Growth in cable and internet customers and the box office strength of films, including the latest instalment in the Fifty Shades of Grey series, powered better than expected quarterly revenue and profit at Comcast.
Net income at the largest US cable group, which owns the NBC TV networks and the Universal Pictures film studio, jumped 20 per cent to $2.6bn, or 53 cents a share, in the first quarter, up from $2.1bn, or 42 cents a share, a year ago. Wall Street analysts had expected earnings of 45 cents, according to S&P Global Market Intelligence.
Revenue rose 9 per cent to $20.5bn, ahead of analysts’ forecasts of $20.1bn. In the cable and internet business, Comcast’s biggest division, revenue increased 6 per cent to $12.9bn.
Its shares rose 2.5 per cent to $39.78 in pre-market trading in New York.
Comcast has shown resilience in the face of increasing competition from online video services. It added pay-TV customers last year, for the first time in a decade, and has been investing in technology and customer service to woo consumers. Half of the company’s residential pay-television subscribers are now using its high-tech X1 set-top box.
The company gained 297,000 subscribers in the first three months of the year, up from 271,000 customers in the same period a year ago. It added both video and high-speed internet subscribers, although growth, of 42,000 and 429,000 respectively, was slower than a year ago.
However, Comcast lost a net 5,000 subscribers to its voice service, including 27,000 residential customers, underlining the shift from landline telephones to mobile devices. Earlier this month, in a bid to boost customer loyalty, Comcast launched a new wireless operator.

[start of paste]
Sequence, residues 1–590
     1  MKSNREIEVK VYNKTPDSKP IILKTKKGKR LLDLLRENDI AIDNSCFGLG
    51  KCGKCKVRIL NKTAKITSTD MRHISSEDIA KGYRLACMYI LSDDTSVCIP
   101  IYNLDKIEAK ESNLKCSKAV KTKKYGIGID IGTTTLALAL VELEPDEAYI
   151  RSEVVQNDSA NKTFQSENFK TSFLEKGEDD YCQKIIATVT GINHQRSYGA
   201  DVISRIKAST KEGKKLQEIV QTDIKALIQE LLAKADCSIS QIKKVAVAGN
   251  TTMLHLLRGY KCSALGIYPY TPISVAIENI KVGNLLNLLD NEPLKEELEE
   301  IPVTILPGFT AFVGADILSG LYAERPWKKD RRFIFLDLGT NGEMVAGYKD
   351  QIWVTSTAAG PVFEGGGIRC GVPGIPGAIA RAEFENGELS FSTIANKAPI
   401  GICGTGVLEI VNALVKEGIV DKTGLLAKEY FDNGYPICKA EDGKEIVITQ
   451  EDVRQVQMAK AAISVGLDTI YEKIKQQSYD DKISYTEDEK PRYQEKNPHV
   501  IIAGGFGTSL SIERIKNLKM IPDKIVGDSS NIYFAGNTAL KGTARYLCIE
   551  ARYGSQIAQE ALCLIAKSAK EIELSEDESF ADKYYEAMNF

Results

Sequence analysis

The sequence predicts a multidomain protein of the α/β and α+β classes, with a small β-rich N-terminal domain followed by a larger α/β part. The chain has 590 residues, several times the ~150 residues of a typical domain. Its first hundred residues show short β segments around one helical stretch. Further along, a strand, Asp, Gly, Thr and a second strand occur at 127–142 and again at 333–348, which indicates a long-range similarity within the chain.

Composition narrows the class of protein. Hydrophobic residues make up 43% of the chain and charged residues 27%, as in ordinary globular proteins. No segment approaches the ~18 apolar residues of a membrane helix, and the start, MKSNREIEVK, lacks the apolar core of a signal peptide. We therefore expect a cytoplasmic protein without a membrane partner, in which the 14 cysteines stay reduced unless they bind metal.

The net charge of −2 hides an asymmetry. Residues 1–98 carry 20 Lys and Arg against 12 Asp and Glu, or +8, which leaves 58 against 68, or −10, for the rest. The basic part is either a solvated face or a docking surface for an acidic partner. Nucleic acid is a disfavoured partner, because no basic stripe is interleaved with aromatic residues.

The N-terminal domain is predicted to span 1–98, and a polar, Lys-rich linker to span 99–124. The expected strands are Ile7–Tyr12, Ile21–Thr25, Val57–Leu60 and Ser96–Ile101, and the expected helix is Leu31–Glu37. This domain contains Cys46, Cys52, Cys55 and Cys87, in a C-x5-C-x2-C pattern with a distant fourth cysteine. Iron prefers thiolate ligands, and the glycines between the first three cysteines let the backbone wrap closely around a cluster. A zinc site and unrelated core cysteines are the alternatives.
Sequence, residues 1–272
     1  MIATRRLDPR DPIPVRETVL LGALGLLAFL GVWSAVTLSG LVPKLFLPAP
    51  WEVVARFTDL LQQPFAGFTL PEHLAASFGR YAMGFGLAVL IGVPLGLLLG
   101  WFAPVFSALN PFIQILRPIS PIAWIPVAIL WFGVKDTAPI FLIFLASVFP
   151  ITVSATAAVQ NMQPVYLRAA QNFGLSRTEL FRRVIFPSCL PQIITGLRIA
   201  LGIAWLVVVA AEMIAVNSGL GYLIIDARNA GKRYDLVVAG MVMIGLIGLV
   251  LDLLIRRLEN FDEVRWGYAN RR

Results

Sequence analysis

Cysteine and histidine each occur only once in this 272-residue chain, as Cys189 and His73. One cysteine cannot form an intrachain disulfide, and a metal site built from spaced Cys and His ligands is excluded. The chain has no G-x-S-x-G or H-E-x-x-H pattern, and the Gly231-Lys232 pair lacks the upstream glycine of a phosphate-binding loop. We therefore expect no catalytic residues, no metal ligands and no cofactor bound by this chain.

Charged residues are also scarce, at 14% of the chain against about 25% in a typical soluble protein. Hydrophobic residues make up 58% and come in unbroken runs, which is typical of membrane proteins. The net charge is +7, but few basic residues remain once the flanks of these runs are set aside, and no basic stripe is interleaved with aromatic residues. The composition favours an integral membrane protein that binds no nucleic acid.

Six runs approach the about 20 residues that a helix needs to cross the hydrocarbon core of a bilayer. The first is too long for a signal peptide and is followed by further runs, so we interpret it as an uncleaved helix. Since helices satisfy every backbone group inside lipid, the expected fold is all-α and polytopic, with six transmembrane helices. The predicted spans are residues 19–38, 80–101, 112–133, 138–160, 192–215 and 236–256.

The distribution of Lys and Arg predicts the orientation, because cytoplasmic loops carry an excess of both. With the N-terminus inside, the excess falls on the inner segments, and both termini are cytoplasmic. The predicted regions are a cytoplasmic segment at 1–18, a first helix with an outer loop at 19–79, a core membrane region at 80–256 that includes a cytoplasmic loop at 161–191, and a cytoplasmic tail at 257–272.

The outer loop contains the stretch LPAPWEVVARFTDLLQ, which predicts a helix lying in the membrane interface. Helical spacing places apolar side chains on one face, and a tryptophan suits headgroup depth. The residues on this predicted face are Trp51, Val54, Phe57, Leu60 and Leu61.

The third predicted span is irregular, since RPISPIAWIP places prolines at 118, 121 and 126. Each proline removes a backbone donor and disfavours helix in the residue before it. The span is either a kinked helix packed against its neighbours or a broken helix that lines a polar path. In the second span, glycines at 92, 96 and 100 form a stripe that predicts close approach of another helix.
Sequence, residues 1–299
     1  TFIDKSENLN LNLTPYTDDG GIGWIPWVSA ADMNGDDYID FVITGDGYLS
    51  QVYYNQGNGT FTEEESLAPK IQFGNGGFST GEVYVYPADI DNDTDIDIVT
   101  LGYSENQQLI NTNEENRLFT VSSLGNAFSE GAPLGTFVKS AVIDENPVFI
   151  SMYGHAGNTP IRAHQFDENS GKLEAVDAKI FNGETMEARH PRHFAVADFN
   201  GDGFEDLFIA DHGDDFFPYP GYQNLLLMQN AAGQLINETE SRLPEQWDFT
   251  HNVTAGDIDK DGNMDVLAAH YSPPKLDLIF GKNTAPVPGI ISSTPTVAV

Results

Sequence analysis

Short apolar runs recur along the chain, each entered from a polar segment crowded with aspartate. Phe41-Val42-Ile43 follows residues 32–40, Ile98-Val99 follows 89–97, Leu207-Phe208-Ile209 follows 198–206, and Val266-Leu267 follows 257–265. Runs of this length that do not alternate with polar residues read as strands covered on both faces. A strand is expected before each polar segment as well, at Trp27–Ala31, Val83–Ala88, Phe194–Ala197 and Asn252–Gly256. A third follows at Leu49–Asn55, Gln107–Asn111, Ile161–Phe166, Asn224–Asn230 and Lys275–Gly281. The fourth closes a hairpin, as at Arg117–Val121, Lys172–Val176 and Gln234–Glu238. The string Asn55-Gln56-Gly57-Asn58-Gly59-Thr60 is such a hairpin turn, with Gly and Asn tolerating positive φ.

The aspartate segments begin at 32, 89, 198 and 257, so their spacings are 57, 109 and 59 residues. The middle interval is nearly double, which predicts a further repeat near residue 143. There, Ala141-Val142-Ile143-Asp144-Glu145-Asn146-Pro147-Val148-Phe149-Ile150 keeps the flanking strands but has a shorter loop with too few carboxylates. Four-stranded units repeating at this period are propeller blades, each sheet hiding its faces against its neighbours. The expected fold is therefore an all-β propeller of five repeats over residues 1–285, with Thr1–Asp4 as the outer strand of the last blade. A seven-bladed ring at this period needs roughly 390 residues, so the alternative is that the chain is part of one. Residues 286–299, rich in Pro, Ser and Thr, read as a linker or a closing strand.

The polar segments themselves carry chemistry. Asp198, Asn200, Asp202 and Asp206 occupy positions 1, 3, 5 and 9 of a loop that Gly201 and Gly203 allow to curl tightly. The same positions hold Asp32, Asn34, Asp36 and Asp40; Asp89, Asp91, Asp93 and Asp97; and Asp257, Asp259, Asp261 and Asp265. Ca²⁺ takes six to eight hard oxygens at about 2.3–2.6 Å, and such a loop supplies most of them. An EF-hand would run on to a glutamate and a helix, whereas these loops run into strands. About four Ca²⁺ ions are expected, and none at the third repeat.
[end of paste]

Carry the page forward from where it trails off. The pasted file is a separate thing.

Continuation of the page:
“We believe including mobile in our bundles will ultimately improve retention,” Brian Roberts, chief executive, told analysts on a conference call. He said Comcast would take a “disciplined approach” to the wireless business.
In an industry where the competitive landscape is being reshaped by dealmaking, from AT&T’s $85bn bid for Time Warner to Verizon’s recent absorption of AOL and Yahoo, Comcast has been touted as a possible buyer for T-Mobile USA, the country’s fastest-growing mobile phone network. Verizon’s chief executive recently said he would be open to deals with big media companies, naming Comcast as a possible partner.
At NBCUniversal, revenue rose 15 per cent to $7.9bn and adjusted earnings grew 24 per cent to $2bn. That was led by gains at the film studio, where revenue jumped 43 per cent to $1.98bn and adjusted earnings more than doubled to $368m, powered by the success of Fifty Shades Darker, the thriller Split and the horror-comedy Get Out.
Comcast benefited from a comparison with 2016’s relatively weak slate of movie releases, which resulted in a 13 per cent decline in film revenues last year. This year’s offerings are expected to be stronger. The Fate of the Furious, the eighth film in The Fast and The Furious franchise, took in a record-smashing $532.5m at the global box office on its opening weekend earlier this month and is on its way to passing $1bn.
Revenues at NBC’s cable and broadcast networks were boosted by higher fees paid by cable providers to carry the channels. The cable division, which includes MSNBC and Bravo, saw revenue rise 8 per cent to $2.6bn, while broadcast revenues were up 6 per cent to $2.2bn. However, advertising sales fell 3 per cent at the cable channels and were up just 0.3 per cent for broadcast.
Revenue at theme parks rose 9 per cent to $1.1bn, as Comcast bought the remaining 49 per cent of Universal Studios Japan it did not already own for $2.3bn.